What is Project Based Learning?
In project based learning there is an overarching guided question that will drive instructions, discussion, and learning experiences. Project based learning possess elements of student choice in achieving the end goal. This essential question creates a “need to know” for students, according to the Introduction to Project Based Learning. This is similar to the theories behind quest based learning. Students that feel there is a choice of activity, assignment, or path to the end learning result are more likely to be invested in the learning itself making them feel connected and the learning more meaningful to them.
In project based learning it is essential to incorporate the 21st century skills of communication and collaboration. This will aid students to develop skills in alignment with the Common Core State Standards of becoming college and career ready. It is important for students to develop inquiry skills by identifying ways to answer the overarching question. Often times when looking into a larger broad question it can lead to small subtopic questions to answer. This development of questions leading to answers is inquiry.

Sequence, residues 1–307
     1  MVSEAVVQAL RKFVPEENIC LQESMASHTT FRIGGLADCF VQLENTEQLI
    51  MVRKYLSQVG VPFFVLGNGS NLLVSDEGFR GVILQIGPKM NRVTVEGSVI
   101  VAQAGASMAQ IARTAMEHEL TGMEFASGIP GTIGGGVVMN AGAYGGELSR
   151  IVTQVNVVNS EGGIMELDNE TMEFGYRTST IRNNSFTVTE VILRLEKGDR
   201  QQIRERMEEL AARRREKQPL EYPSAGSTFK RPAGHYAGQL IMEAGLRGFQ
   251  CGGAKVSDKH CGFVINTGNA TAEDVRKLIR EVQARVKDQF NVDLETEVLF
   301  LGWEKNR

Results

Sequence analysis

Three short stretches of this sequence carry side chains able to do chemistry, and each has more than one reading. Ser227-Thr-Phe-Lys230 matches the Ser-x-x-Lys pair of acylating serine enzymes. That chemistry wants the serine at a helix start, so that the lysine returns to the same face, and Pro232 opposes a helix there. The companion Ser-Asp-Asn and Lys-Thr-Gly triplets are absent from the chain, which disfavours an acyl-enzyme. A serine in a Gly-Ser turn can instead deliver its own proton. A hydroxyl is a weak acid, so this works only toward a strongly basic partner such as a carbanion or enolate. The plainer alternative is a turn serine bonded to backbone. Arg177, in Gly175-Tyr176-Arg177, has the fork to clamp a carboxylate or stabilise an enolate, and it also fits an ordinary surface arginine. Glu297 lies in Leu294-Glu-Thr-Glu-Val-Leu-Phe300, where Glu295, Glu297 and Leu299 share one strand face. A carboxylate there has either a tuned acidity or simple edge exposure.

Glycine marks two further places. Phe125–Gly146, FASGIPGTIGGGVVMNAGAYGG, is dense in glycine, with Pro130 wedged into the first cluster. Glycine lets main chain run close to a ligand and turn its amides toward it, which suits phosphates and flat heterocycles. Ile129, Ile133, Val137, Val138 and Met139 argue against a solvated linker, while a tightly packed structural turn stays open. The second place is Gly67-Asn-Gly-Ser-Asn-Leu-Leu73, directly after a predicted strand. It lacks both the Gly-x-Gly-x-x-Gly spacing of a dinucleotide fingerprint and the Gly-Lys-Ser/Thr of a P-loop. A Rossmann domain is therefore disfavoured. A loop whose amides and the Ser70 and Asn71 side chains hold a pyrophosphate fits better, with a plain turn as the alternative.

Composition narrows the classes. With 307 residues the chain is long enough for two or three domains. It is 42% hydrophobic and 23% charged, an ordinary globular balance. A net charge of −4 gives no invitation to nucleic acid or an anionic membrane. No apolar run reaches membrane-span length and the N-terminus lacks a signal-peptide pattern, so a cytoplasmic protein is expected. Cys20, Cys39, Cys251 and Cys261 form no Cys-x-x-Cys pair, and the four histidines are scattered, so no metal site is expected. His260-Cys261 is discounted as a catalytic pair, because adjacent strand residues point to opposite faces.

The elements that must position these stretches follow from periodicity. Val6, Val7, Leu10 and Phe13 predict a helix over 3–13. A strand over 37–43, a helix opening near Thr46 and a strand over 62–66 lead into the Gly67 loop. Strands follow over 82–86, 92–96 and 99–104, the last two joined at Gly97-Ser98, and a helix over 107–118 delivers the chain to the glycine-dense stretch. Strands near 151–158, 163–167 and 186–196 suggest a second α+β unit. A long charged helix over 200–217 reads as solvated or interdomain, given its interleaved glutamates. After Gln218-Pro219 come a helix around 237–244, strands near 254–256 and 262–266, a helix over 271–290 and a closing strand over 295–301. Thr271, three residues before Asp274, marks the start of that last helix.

As students learn more about the topic, their research, questions, and end product will go through a series of revisions. The refinement of the project through the collaborative process as a result of findings to their in depth inquiry of the topic is what makes this learning so valuable. The evolving of the individual schema through meaningful application is an invaluable skill for students to develop.